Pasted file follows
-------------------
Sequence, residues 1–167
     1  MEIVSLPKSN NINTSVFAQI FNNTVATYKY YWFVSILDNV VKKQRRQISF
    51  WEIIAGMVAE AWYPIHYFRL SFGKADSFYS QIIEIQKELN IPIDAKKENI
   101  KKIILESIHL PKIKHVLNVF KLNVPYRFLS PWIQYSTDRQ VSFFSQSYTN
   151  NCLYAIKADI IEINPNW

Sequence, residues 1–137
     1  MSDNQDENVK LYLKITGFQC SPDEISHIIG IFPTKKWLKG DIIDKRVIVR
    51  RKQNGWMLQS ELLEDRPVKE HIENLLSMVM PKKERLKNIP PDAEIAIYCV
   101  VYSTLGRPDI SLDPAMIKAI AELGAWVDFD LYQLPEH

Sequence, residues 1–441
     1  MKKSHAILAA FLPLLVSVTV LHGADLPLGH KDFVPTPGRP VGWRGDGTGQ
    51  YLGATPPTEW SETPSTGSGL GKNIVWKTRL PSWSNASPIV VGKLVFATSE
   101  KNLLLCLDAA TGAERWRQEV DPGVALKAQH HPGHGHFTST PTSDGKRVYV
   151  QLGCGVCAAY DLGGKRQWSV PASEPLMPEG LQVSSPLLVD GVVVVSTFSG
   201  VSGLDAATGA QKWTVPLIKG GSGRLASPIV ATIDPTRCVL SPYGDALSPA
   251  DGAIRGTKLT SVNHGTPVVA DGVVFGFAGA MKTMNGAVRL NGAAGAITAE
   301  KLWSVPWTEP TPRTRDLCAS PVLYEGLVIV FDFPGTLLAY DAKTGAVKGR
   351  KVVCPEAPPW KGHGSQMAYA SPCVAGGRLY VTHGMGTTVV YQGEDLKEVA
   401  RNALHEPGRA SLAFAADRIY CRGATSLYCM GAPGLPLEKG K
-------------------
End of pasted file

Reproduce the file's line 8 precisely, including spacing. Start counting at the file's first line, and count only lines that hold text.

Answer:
    51  RKQNGWMLQS ELLEDRPVKE HIENLLSMVM PKKERLKNIP PDAEIAIYCV